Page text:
MEET THE PODCASTER: Name: Julia Davis // Age: 21 // Year: Senior // Major: Ar t Direc tion // School: Temple Universit y From: Pit tsburgh, Pennsylvania // Podcast: Curltalk Instagram: @julia_davis STUDYBREAKS.COM

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YOUTUBE CHANNEL: @mrlordvideo (48,720 followers) INSTAGRAM: @itswillcarmack (5,726 followers) TWITTER: @itswillcarmack (10.1K followers)

HOW TO BECOME A YOUTUBE CELEBRITY

James Madison student Will Carmack dishes on his path to internet stardom Michelle Criqui, James Madison University

It’s Sunday night, and YouTuber Will Carmack still doesn’t have a video filmed for his regular Monday upload. Instead of spending the weekend studying for an upcoming exam or hanging out with friends, the sophomore Media Arts and Design major is spending his time working on script ideas for his next comedy sketch, to be posted on YouTube for his ever-growing audience of nearly 49,000 subscribers. Carmack, who goes to James Madison University in Harrisonburg, Virginia, got his start on YouTube back in 2010, when his main focus was simply sharing his stop-motion Lego hobby online. After achieving a whopping 30 views on that first gem, Carmack decided to continue posting to his channel as a creative outlet, eventually transitioning his content into what he describes as “cinematic sketches,” allowing his comedic side to shine through. Since 2010, Carmack has worked hard to grow his online fan base, gaining thousands of followers on Instagram and

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FACT FILE Name: Will Carmack School: James Madison Universit y Major: Media Ar ts and Design Year: Sophomore Age: 19 Hometown: Forest, Virginia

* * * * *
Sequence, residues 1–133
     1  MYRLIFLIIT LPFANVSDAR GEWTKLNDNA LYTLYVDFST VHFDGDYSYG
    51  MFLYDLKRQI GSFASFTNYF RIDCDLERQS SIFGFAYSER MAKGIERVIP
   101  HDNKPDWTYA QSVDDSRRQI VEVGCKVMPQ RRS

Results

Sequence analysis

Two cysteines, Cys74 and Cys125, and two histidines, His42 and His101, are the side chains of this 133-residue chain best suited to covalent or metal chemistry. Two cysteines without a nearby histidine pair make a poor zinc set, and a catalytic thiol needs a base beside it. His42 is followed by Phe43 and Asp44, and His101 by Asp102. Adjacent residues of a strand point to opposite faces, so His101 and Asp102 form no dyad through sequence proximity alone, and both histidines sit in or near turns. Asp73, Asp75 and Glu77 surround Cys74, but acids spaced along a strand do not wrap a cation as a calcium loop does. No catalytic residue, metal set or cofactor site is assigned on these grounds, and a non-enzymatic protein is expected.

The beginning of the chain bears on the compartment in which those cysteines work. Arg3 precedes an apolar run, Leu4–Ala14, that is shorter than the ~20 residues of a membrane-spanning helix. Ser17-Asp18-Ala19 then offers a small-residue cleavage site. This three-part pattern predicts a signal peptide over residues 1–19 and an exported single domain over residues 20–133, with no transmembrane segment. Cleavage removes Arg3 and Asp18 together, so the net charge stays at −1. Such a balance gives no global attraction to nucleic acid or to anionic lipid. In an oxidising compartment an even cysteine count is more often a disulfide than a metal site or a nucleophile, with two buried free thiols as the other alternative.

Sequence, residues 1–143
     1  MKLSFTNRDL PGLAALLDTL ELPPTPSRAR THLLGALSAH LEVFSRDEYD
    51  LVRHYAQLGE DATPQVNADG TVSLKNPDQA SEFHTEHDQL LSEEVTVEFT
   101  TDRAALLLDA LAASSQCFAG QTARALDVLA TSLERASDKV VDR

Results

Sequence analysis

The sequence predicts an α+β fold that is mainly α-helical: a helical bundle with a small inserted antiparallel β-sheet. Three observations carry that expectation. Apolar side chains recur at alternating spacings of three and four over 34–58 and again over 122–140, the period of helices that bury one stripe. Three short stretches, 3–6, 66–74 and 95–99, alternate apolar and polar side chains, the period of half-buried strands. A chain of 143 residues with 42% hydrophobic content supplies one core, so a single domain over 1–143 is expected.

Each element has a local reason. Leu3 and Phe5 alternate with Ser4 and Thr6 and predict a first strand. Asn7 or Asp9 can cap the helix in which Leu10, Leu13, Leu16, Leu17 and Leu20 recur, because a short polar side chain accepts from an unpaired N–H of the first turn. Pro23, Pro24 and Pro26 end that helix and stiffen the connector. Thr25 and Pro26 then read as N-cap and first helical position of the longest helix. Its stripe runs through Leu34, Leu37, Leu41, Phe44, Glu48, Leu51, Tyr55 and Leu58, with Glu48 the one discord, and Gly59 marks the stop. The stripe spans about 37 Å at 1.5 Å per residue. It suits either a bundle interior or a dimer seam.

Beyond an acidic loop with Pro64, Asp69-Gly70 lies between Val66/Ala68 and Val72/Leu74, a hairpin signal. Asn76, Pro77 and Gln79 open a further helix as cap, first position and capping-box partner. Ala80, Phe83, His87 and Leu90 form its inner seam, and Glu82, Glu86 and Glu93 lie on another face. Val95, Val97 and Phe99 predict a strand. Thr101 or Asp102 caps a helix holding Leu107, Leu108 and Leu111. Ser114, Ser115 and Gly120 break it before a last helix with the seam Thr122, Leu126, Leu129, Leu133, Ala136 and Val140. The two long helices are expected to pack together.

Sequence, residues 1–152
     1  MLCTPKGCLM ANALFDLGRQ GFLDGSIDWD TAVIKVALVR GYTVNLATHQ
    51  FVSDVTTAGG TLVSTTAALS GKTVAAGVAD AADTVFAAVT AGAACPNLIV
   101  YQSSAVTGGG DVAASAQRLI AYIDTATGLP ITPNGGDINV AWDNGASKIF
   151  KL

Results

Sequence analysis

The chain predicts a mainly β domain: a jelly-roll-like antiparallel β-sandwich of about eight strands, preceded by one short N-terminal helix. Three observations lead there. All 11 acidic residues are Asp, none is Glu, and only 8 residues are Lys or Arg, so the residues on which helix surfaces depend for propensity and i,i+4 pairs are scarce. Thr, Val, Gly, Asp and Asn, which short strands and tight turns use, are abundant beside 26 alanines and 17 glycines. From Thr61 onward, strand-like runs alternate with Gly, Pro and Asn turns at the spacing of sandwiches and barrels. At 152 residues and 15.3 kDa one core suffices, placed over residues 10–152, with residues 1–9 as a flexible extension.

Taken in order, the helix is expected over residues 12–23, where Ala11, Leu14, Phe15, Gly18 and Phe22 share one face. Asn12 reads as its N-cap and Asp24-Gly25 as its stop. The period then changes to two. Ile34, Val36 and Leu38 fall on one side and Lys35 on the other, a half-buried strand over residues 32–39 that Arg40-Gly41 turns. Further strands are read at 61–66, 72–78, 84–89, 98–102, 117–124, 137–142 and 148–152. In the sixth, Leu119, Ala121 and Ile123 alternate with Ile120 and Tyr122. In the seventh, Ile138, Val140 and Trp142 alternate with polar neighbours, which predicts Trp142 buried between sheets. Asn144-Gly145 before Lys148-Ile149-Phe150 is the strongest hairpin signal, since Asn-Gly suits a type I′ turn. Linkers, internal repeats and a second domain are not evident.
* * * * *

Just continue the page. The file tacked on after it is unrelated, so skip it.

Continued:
Twitter, traveling on a 2014 meet-and-greet tour with entertainment company Press Play, collaborating on the popular channel ThatYTLife, amassing almost three million total channel views and perhaps most crazy of all: Starting college in 2015. “I think the hardest thing about being in college [and a YouTuber] is finding time to make something I’m proud of,” Carmack said over the phone. “Because even during the weekend, I don’t have all of that time just to film — I also have to study and do homework at some point.” While it can be tough to balance his online persona with his social and academic life at JMU, Carmack has stayed true to his YouTube slogan: “Where there’s a Will, there’s a way.” “There’s never going to be a time in my life where I’m around this many people my age,” he says. “So the good thing about [being a college YouTuber] is that there’s a lot of people to film with. I’m friends with a lot of the theatre people, so they always want to be in my videos.” Carmack credits his experience on YouTube to sparking his interest in filmmaking, changing his life and causing him to declare a concentration in film at JMU. His future goals now include founding a production company that would work on producing high-quality content for his channel, as well as short films such as wedding videos and commercials for small businesses. For now, Carmack is happy making his own style of fun and quirky sketches, vlogs and Q & A videos every week, simply because he loves doing it. “I think it’s going to be one of those things, where regardless if I make [YouTube] a career or job, I’m still going to do it just because it’s fun,” Carmack said. “It’s something where I can be my own boss — I get to decide what I post. And I like having this little audience that comes to my videos because Will Carmack made them. That means a lot to me.”